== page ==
Antony Mayfield's blog
Advertising by spectacular is addiction to high stakes gambling
Advertising by spectacular is addiction to high stakes gambling

Advertising by spectacular is addiction to high stakes gambling

Who doesn’t love the Cadbury’s drumming monkey ad?


It was 2007’s UK TV ad spectacular…

The choc-promoting surrealism of the creative geniuses at Fallon was the most admired and – by reputation – the most successful ad of 2008 by most accounts.

It was of course also a sleight of hand branding move. Cadburys was dogged by the salmonella scandal and its brand value was deemed to have suffered. It’s a strong brand, God knows – it’s one of the few I go goo-ey for at some level, deep down.


Image by Chellbie

That purple. Mmmm. That simple, dependable, uncomplicated milk chocolate that followed me through my childhood. Ahhh. The curly lettered logo that was even on one of my Hornby train carriages. Mmm. Mentions of social reforming and Methodist good intentions in history lessons. Wow. Delicious and on the side of the angels too – what a brand.

Cadburys: Home. Simple, home pleasures. Lovely.

Anyway, that was deemed to be in danger, the story goes. Of course people would forgive and trust the brand again soon enough – it was practically part of the family. But they didn’t trust it as much this quarter as workthe equivalent last year. Sales had fallen.

So, time to bring in a work of genius. A work that would make its creators even more famous. That would win awards.

Out came the drumming man in a monkey suit… and glory shone around.

But what to do next?

The much-antIcipated (by marketers and people who write about marketers) sequel jumped onto the UK’s screens and the web not so long ago. As they’d won big on the monkey, Fallon and Cadburys felt like upping the stakes – they thought this could be bigger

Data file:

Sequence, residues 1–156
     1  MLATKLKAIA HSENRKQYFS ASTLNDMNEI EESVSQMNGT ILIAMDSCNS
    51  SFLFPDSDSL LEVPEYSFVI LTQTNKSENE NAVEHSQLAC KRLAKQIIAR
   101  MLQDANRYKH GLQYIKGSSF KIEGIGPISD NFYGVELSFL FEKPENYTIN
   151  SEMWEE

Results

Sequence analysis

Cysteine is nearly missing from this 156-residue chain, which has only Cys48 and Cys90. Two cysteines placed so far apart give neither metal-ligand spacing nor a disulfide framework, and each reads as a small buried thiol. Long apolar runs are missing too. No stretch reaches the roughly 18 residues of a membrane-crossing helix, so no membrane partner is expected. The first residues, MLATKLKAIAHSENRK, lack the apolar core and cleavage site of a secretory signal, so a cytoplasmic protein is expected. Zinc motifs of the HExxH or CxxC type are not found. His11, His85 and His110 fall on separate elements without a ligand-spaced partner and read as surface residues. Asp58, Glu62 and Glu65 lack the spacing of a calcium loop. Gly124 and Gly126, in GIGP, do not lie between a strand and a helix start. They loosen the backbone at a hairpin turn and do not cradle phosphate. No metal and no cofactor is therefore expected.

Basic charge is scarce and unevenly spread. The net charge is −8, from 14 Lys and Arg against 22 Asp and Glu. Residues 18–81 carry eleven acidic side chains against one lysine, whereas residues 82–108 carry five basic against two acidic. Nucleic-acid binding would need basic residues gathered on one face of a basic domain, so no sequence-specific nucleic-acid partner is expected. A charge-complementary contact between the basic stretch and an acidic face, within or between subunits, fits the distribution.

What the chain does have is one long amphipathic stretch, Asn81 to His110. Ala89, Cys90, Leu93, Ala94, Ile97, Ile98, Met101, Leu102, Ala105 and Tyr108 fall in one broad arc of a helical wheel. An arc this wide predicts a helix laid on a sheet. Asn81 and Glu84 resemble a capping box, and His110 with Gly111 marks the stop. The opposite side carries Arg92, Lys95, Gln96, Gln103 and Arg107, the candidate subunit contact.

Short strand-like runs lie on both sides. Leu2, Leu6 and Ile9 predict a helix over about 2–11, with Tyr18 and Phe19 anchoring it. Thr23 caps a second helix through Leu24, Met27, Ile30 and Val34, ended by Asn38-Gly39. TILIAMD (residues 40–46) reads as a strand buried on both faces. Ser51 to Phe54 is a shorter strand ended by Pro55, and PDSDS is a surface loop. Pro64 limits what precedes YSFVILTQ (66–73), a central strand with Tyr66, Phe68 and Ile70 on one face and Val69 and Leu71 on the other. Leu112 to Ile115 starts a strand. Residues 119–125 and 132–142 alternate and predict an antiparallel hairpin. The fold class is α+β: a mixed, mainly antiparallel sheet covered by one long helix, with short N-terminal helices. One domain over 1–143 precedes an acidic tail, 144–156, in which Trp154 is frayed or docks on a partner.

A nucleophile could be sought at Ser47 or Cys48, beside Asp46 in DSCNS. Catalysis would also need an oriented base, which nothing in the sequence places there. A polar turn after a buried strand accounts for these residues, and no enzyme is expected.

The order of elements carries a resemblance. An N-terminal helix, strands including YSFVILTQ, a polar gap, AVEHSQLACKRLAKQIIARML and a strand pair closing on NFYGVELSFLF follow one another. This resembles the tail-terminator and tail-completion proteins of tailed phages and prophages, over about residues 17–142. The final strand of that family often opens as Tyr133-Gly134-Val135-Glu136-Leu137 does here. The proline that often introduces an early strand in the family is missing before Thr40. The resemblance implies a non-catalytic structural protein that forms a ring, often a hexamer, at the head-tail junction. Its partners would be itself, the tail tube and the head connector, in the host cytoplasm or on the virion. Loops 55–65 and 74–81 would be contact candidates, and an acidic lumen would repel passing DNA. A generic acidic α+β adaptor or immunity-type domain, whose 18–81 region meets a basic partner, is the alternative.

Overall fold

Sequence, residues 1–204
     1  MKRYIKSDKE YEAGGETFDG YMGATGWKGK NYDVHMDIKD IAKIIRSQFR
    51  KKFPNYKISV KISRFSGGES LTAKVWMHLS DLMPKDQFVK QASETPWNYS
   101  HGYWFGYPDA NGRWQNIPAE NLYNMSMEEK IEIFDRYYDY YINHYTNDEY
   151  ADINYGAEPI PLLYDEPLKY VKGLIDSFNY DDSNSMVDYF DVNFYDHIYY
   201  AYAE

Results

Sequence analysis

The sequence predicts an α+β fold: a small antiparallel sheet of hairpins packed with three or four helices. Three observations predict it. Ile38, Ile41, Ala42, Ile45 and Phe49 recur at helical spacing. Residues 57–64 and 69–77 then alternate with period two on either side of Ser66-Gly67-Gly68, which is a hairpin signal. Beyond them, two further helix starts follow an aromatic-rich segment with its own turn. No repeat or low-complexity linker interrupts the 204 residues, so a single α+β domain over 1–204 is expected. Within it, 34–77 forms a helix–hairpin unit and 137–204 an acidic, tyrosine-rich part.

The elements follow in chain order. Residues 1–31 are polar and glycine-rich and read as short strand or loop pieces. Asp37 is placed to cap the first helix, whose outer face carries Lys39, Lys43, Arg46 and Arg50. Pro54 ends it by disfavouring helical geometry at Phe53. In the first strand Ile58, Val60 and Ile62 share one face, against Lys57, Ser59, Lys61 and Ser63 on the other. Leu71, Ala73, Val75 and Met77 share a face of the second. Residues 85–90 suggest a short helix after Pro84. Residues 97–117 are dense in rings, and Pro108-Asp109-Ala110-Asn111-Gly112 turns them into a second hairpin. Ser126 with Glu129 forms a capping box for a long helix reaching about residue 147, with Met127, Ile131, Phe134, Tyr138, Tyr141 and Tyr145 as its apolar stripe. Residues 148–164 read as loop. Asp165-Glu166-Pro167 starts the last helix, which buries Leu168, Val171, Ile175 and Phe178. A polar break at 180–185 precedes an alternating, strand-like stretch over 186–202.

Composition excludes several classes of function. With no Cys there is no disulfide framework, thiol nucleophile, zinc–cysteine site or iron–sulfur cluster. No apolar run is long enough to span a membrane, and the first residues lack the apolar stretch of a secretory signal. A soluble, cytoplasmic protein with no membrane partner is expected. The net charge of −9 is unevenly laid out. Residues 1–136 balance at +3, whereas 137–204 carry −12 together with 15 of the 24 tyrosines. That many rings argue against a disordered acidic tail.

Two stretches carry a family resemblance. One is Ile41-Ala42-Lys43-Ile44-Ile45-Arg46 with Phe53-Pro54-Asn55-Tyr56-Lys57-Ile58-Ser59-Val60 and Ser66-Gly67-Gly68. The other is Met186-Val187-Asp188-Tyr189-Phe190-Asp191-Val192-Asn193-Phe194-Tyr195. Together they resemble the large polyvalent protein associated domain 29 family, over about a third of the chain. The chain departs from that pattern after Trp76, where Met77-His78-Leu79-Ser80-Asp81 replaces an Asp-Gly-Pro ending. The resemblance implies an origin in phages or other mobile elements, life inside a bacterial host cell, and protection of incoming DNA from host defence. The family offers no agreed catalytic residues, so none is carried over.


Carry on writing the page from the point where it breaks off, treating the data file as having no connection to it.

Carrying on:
After the simplicity and straightforward, unexpected lunacy of the monkey that proved so successful, the creatives had reverted to ad industry type (treatment: page one: we open on a [insert exotic location here]) and went nuts with a when-airport-vehicles-go-wild concept set to a Queen track (which I will forever associate with a brilliant scene in Shaun of the Dead).

It was a bit of a let down by the accounts of those who know advertising better than I (Tom Hopkins is as eloquent as ever on the subject, in a post brilliantly headlined One Truck Pony).

It was spectacular alright, but no one was really bothered.

Tom follows up this post with a note about a Facebook ad for, of all things, the Cadbury’s Trucks ad:


Apart from being an absolute copywriting car crash, doesn’t this Facebook ad for Cadbury’s Trucks campaign raise a question about what exactly the original ad was for.

I’m guessing the agency is getting a few of those ‘why didn’t it go viral?’ questions from the client and is trying to give it a little helping hand.

Absolutely. Even with a budget as big as Cadbury’s viral’s not a tactic, it’s an outcome. Or as Tom puts it:

Viral isn’t a method, it’s a mark of success

So if “viral” is the jackpot in the creative roulette game that is 30-second spot advertising what does the 18-month-average-tenure CMO of today do?

The pressure from the channel-thinking, creative agency-dominated culture of marketing as it stands is: put it all on red. Go for the spectacular. You’ve had a spectacular work out before? Great – let’s put it all on black this time…

Well if I were them, I’d start thinking like a creative studio and not a desperate high stakes gambling addict. Take your £20m budget and put some into safe bets and a portion in seeding ideas, programmes, creative approaches that might. Only a portion, mind you – holding back a reserve to put behind the bets that turn out to be contenders.

And another thing – the web is not an after-market for TV-focussed creative. If you start the planning process in the here and now, where people’s attention is and where the real conversations are… everything changes.

Comes back to brands as players in a markets for attention a bit, doesn’t it? A smart trader or investor in whatever market knows to hedge, to take a spread of positions, always ready to move to bolster one or more of those positions when they start to look like a contender.

Big brands should be thinking like a combination of a Hollywood Studio, a VC and a financial markets trader.

Oh yeah – and stop thinking in terms of campaigns. Just because they suit the business model of creative agencies doesn’t mean they are the most appropriate approach for a brand which has substance, reputation earned over lifetimes (e.g. Cadburys) and will continue to do so for years to come.